I was vaccinated for pneumococcal disease, but I still got pneumonia. Does that mean
the vaccine didn’t work?

Answered by:

Kristin L. Nichol, MD, MPH, MBA University of Minnesota

“Pneumococcal disease can cause serious illness and even death. We have safe vaccines that works. If you are in one of the high priority target groups, then I strongly recommend vaccination for you.”

Answer:

No, it doesn’t. Pneumonia can be caused by many other types of organisms besides the pneumococcal organism, and the vaccine doesn’t work against those other types of bacteria. Secondly, the vaccine that has been used in adults for many years protects against 23 types of pneumococcal organisms that are responsible for most infections, but there are other types not covered by the vaccine. More recently, a different type of pneumococcal vaccine (a conjugate vaccine) has been recommended for adults who are age 65 years and older or who are age 19 to 64 years but have risk factors like heart, liver, or lung disease, diabetes, or immune compromising conditions. Together, the two vaccines recommended for adults in the US will greatly reduce the risk of pneumococcal pneumonia, meningitis, and bloodstream infections.

My doctor said I should also get an annual flu shot. Why do I need both vaccines?

Answered by:

William Schaffner, MD Past-President, NFID

“If I had one thing to say to a patient about the seriousness of pneumococcal disease and the importance of prevention, it would be... just do it. Pneumonia can kill — vaccination is both effective and safe.”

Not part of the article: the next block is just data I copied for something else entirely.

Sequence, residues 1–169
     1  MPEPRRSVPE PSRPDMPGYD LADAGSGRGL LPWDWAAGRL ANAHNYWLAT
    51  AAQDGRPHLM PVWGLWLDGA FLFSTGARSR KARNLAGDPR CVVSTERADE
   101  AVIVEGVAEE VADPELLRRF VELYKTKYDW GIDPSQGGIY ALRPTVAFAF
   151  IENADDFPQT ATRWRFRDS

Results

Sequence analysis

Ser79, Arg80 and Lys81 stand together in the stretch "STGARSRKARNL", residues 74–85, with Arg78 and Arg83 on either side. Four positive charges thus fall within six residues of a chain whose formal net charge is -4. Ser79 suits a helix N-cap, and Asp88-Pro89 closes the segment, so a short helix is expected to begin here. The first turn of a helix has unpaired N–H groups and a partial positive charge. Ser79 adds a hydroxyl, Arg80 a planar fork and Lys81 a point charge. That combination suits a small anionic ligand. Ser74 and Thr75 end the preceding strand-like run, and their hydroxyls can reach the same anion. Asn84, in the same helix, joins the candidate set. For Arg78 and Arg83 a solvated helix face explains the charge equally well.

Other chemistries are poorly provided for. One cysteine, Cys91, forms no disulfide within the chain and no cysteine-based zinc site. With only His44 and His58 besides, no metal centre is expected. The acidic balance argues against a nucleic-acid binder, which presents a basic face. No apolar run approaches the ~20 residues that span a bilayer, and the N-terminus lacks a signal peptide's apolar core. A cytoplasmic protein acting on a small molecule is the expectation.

Answer:

Influenza and pneumococcal vaccines protect against two different diseases, both of which can cause serious, life-threatening illnesses and both diseases involve the lungs.

Influenza is the winter virus that can affect even healthy people, causing an illness that is so severe it can result in hospitalization.

The pneumococcus is a germ that can cause pneumonia and other infections such as in the bloodstream (bacteremia) and lining of the brain (meningitis). It is especially good at causing pneumonia as a complication of influenza infection. So you can understand why it is so important to be vaccinated to get protection against both influenza and the pneumococcus. Both vaccines are very safe.

How much does the vaccine cost?

Answered by:

Kristin L. Nichol, MD, MPH, MBA University of Minnesota

“Pneumococcal disease can cause serious illness and even death. We have a safe vaccine that works. If you are in one of the high priority target groups, then I strongly recommend vaccination for you.”

Answer:

One pneumococcal vaccination, as well as influenza and hepatitis B vaccinations are fully paid for by Medicare Part B if your healthcare provider accepts the Medicare-approved payment. 

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Pneumococcal Disease